There are several features built into Microsoft Windows and Office applications that allow users to adjust some of the settings to suit their own personal preferences. These features benefit all users, but are of particular interest to disabled users, especially those with visual, hearing or mobility impairments and dyslexia. The fact that these features exist in Windows mean that by careful use of the features you are likely to be able to make your computers more suitable for workers with disabilities.
Accessibility options in Windows
Windows 98 and upwards
The flexibility of these settings will depend on the version of Windows that you are using. With each new version, Microsoft has developed and enhanced the accessibility options, and with XP, introduced some brand-new features.
Magnifier and the Accessibility Wizard (described below) can be accessed via the Start menu, then Programs, Accessories, and Accessibility, and both are available in Windows 98 and upwards.
This allows users to enlarge the screen by up to 9 times. The magnified screen appears in a floating window that can be moved and re-sized. Only part of the magnified screen is visible. There are various options including tracking options, inverting colours, and using high contrast mode.
This wizard takes the user through various steps to change the appearance of the desktop. The first option asks the user to select the size of the text and other items on the screen, and once an option is selected the effects take place immediately. This also allows the Magnifier to be switched on. There are then 4 statements and the user must choose one, depending on his/her needs:
- I am blind or have difficulty seeing things on the screen
- I am deaf or have difficulty hearing sounds from the computer
- I have difficulty using the keyboard or mouse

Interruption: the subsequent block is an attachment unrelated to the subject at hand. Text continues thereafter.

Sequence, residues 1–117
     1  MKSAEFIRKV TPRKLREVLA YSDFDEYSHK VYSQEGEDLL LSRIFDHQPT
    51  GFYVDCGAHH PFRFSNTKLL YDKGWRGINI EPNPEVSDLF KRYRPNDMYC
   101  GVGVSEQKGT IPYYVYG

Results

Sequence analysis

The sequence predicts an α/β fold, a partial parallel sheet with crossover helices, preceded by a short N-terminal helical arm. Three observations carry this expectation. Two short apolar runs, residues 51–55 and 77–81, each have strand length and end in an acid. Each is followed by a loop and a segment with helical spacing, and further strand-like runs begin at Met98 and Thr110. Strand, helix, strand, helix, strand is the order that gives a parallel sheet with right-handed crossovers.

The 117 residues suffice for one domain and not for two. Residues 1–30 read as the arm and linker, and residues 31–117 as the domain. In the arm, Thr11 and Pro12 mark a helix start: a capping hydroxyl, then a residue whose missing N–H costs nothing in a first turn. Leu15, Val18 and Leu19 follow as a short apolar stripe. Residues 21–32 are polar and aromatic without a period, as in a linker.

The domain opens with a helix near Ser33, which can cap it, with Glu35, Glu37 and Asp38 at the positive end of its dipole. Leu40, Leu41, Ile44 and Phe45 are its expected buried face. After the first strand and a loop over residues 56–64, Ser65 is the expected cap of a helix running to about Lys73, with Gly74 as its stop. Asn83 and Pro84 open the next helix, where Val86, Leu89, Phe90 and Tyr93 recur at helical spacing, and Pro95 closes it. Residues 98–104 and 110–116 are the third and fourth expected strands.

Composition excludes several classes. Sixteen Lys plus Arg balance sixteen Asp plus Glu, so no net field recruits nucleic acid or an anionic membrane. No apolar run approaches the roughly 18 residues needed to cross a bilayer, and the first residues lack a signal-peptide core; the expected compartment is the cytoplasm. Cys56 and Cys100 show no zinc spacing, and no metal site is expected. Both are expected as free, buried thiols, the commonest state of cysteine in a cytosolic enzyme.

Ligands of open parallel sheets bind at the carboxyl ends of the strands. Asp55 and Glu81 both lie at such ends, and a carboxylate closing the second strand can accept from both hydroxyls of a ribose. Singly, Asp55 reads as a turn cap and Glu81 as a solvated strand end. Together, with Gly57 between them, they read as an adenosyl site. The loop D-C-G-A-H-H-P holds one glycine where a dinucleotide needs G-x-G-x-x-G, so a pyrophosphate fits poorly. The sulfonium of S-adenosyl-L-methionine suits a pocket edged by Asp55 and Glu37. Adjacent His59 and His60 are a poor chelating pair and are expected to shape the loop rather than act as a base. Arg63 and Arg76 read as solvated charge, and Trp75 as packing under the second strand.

- I want to set administrative options
This screen also allows the default settings to be restored.
The wizard now continues to take the user through more options, and different choices can be made depending on the statement selected. If the user selected the first choice, requesting visual help, he/she will be asked to choose scroll bar and window size, icon size, and colour schemes. If help with sound was requested, the user will be asked if he/she would like visual warning of system events (SoundSentry) and captions for speech and sounds (ShowSounds). If the user requested help with using the keyboard or mouse, he/she will be able to:
- Press keys in key combinations one at a time (StickyKeys) Note: this does not work with Jaws (a well known package used by blind users)
- Ask the system to ignore repeated key strokes (FilterKeys)
- Ask Windows to play a sound if Caps Lock, Num Lock or Scroll Lock keys are hit (ToggleKeys)
- Ask Windows to display extra keyboard help
- Use the numeric keypad instead of moving or clicking the mouse (MouseKeys)
- Change the size and colour of the mouse cursor
- Set the mouse for left-handed users
- Adjust the speed of the mouse pointer
- Set a trail for the mouse cursor
All of these settings can be individually enabled in the Accessibility Options in Control Panel, and users can make more detailed choices for each of the options. It is also possible to set an automatic reset so that accessibility features are turned off after a specified time, ask for a warning message or sound when a feature is turned on or off, and set SerialKeys which allow alternatives to keyboards and mice to be installed.